NICU consultants and support staff
An audiologist is trained to test a baby's hearing and provide follow-up care to those with hearing problems. Most newborns have their hearing tested before leaving the hospital. Your health care providers will determine which hearing test is best. Hearing tests may also be done after leaving the hospital.
A cardiologist is a doctor that has special training in the diagnosis and treatment of heart and blood vessel disease. The cardiologist may examine the baby, order tests, and read test results. Tests to diagnose heart conditions may include:
- Electrocardiogram (EKG)
- Cardiac catheterization
If the structure of the heart is not normal due to a birth defect, a cardiologist might work with a cardiovascular surgeon to perform surgery on the heart.
A cardiovascular (heart) surgeon is a doctor who has special training in doing surgery to correct or treat defects of the heart.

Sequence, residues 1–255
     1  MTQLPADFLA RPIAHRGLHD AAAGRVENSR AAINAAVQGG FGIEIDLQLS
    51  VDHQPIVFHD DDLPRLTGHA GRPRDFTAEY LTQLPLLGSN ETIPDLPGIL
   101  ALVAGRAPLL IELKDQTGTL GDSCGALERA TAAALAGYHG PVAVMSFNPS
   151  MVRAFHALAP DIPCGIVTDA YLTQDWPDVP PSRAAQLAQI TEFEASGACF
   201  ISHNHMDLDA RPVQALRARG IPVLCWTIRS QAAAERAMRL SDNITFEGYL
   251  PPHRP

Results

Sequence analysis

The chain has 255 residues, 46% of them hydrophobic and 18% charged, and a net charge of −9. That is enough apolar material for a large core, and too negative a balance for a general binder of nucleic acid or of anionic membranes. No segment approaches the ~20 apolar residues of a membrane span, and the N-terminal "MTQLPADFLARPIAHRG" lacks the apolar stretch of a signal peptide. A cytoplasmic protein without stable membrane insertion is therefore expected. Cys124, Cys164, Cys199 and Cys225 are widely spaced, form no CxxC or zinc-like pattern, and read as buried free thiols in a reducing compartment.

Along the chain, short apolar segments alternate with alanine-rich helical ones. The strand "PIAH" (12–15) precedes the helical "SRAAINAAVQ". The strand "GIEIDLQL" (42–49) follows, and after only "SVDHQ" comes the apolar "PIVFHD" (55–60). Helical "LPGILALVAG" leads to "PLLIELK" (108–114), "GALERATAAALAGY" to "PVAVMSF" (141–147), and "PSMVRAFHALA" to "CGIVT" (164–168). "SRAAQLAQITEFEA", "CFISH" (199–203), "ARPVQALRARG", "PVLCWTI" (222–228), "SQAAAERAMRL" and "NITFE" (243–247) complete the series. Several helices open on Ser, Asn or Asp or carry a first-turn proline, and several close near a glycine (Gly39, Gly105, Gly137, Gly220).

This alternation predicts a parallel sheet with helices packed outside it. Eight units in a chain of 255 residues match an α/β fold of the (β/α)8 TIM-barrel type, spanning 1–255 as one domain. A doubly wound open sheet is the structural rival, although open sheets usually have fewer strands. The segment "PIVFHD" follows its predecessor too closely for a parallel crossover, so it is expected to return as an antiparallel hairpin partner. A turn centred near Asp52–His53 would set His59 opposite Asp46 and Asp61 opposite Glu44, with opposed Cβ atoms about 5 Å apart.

Sometimes, surgery can correct a heart problem. Other times, complete correction is not possible and surgery is done just to make the heart work as best as possible. The surgeon will work closely with the cardiologist to care for the baby before and after surgery.
A dermatologist is a doctor who has special training in diseases and conditions of the skin, hair, and nails. Such a doctor might be asked to look at a rash or skin lesion on a baby in the hospital. In some cases, the dermatologist might take a sample of the skin. The dermatologist might also work with the pathologist to read the biopsy results.